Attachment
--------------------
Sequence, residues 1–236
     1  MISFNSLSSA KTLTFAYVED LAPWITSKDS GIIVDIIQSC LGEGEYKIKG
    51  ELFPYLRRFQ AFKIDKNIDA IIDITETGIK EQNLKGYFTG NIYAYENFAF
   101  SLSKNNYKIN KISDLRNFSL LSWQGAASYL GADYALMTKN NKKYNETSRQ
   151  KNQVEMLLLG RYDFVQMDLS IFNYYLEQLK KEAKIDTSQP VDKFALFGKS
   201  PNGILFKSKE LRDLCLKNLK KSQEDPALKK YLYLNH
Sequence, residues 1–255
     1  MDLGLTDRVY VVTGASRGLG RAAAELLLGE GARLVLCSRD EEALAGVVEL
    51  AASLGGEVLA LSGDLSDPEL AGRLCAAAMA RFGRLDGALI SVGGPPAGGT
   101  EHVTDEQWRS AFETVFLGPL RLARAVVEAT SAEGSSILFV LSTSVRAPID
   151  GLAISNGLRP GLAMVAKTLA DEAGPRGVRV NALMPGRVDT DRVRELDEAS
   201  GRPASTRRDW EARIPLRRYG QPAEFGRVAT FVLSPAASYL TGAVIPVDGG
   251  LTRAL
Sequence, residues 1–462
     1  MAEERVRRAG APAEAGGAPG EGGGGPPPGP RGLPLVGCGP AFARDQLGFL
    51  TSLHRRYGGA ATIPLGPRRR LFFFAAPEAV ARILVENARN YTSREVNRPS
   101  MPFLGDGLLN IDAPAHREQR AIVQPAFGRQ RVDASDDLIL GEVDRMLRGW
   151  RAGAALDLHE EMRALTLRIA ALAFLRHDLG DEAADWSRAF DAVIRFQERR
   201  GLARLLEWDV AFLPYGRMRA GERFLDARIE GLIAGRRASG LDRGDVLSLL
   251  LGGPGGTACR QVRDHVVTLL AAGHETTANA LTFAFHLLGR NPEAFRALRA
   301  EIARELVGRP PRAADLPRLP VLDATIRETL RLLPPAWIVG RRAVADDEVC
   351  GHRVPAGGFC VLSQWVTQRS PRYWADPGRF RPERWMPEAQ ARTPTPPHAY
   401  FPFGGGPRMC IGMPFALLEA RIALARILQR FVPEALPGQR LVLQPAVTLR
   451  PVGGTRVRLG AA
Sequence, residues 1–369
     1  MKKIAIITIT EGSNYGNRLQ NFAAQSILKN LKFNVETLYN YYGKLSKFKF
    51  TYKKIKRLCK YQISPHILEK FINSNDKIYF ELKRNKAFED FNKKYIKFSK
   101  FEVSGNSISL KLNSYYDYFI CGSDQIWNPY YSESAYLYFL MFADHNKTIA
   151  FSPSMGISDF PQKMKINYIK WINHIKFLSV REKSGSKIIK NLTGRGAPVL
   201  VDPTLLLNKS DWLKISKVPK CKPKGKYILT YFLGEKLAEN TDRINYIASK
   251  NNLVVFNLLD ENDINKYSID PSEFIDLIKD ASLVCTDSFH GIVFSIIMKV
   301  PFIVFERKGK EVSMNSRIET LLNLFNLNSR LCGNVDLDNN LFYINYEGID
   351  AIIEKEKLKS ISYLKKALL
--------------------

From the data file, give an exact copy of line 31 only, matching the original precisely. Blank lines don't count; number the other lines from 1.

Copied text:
   251  NNLVVFNLLD ENDINKYSID PSEFIDLIKD ASLVCTDSFH GIVFSIIMKV